Roberts Court Deals Blow to Minority Voting Rights in Texas Racial Gerrymander Case

Except for one state legislative district, the U.S. Supreme Court upheld Texas congressional and state legislative districts and overturned a lower court decision that the districts were racially discriminatory. The lower court in Abbott v. Perez had previously determined that the districts violated 14th Amendment equal protection and the Voting Rights Act. Common Cause filed an amicus brief on behalf of the plaintiff-appellees in this case.

“Voting rights in Texas were dealt a severe blow today by the U.S. Supreme Court as the Roberts Court upheld the legislature’s extreme racial gerrymander that robbed hundreds of thousands of minority residents of a voice in Austin,” said Anthony Gutierrez, executive director of Common Cause Texas. “In the face of a U.S. Supreme Court majority that is hostile to voting rights, it is time for Texans to take up the fight for fair maps by establishing an independent redistricting commission. In a democracy, politicians have no business choosing their voters, it is the voters who should be choosing their politicians.”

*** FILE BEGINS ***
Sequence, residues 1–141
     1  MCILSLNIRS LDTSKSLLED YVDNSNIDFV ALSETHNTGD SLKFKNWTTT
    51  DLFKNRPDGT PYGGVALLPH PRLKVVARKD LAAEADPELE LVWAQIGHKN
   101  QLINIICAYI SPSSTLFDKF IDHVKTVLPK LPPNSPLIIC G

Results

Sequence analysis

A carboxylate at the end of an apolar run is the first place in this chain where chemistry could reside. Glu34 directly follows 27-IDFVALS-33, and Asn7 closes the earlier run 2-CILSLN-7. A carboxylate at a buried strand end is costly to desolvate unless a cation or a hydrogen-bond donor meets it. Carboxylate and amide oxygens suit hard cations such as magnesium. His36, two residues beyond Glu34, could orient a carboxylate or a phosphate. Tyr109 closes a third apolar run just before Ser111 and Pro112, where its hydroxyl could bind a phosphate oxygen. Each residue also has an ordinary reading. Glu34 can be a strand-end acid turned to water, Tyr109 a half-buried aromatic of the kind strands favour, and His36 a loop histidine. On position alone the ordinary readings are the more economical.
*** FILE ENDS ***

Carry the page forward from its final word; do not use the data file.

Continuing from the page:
“It is time for voters to take up the fight to pass redistricting reform at the state and local level because a narrow Supreme Court majority under Chief Justice John Roberts has failed  to protect the voting rights of minority communities,” said Karen Hobert Flynn, president of Common Cause. “It is vitally important that Americans make their voices heard in the halls of power or an epidemic of racial gerrymanders that suppress minority voting power will spring from the 2020 Census. Today’s decision comes on the fifth anniversary of Shelby County v. Holder, where the Supreme Court struck down the heart of the Voting Rights Act and put restoring the legislation into the hands of Congress. We call on Congress to pass the Voting Rights Advancement Act to curb racial discrimination in voting.”

To read the amicus brief filed by Common Cause and the Voting Rights Institute, click here.